Dr Crawley states that withdrawal from chlorpromazine causes tremor, which is commonly known as a side-effect of taking the drug. It is, however, also a symptom of stopping the medication suddenly, as are nausea, vomiting, dizziness, migraines, and hallucinations.
Towards the end when he runs into Dr. Naehring and takes his syringe you see him holding it by his shoulder, near the doctor's neck, from the shots behind him. When the camera is on his face, you can tell both of his arms are lower. It changes back and forth between shots.
When Teddy interrogates Bridget Kearns, Chuck brings her a glass of water, but when she is filmed drinking she has no glass in her hand. In the next scene she puts the empty glass on the table; however, she is putting the glass down with her left hand while she was using her right hand when pretending to drink. The imitation of drinking is likely to be intentional revealing of the "role play" performed for Teddy, than a mistake on the part of the actress, imitating drinking when there was a perfectly good glass on the table.
Teddy attempts to revive the children with CPR, which was officially "invented" in 1956, 2 years after the movie is set and 4 years after the children drown. However, CPR existed in many forms from as early as the mid-1700's. In August 1767 a few wealthy and civic-minded citizens in Amsterdam gathered to form the 'Society for Recovery of Drowned Persons', which within 4 years claimed that 150 persons were saved by their recommendations, including respirations in to the victim's mouth, either using a bellows or with a mouth-to-mouth method (mouth-to-mouth or mouth-to-nostril respiration is described including the advice that "a cloth or handkerchief may be used to render the operation less indelicate"). As a combat veteran it conceivable that Teddy witnessed such techniques.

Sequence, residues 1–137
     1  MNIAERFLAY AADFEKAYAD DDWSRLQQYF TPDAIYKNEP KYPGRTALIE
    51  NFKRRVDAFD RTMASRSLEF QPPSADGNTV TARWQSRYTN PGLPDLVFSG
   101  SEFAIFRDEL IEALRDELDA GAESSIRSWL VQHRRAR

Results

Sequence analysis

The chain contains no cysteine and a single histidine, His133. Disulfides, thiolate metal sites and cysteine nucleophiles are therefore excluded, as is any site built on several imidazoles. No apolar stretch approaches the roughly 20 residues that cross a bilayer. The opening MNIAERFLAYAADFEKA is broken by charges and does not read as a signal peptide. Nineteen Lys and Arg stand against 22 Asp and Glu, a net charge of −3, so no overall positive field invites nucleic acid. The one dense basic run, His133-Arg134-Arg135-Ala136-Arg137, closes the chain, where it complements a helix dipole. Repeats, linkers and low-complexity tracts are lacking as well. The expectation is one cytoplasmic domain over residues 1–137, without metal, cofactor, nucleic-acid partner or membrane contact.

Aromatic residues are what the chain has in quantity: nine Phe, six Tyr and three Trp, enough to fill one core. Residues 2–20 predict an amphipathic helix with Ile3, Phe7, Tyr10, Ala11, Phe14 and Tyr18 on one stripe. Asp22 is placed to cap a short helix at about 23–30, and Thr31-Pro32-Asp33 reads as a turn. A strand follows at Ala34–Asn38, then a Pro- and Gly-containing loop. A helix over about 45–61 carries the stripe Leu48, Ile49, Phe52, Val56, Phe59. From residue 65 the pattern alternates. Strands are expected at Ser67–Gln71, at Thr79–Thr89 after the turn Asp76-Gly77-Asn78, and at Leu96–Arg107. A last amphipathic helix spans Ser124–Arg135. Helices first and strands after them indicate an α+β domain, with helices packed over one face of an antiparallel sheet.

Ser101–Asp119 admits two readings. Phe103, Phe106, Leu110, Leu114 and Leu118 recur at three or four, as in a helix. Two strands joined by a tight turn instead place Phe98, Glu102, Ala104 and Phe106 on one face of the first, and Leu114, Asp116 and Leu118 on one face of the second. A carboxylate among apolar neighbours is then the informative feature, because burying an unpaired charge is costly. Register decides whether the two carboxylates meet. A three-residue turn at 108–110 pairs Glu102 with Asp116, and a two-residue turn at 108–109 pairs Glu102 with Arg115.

When Rachel had blood all over her and three dead children at her feet, asking Teddy to give her a hand, the scene cuts a couple of times to Teddy's face with a cigarette in his mouth. These scenes are being played backwards, with smoke going into his cigarette rather than coming from it. This is a technique used by the filmmakers in editing for effect. It is deliberate and used to create a dreamlike atmosphere. Another use of reverse motion is seen when Dolores walks backward away from the lake in a flashback to the lake.
There are several clues and intentional continuity errors throughout the film that foreshadow the ending. This includes Bridget Kearns' drink of water disappearing between shots (she drinks from an empty hand), a cardigan appearing briefly on 'Rachel' (which is later worn by the other 'Rachel') and lines from Edward/Andrew's dreams being repeated (such as "Why are you wet, baby?"). These techniques are also used in his dreams showing a similarity between what he perceives as a dream and what he perceives as real.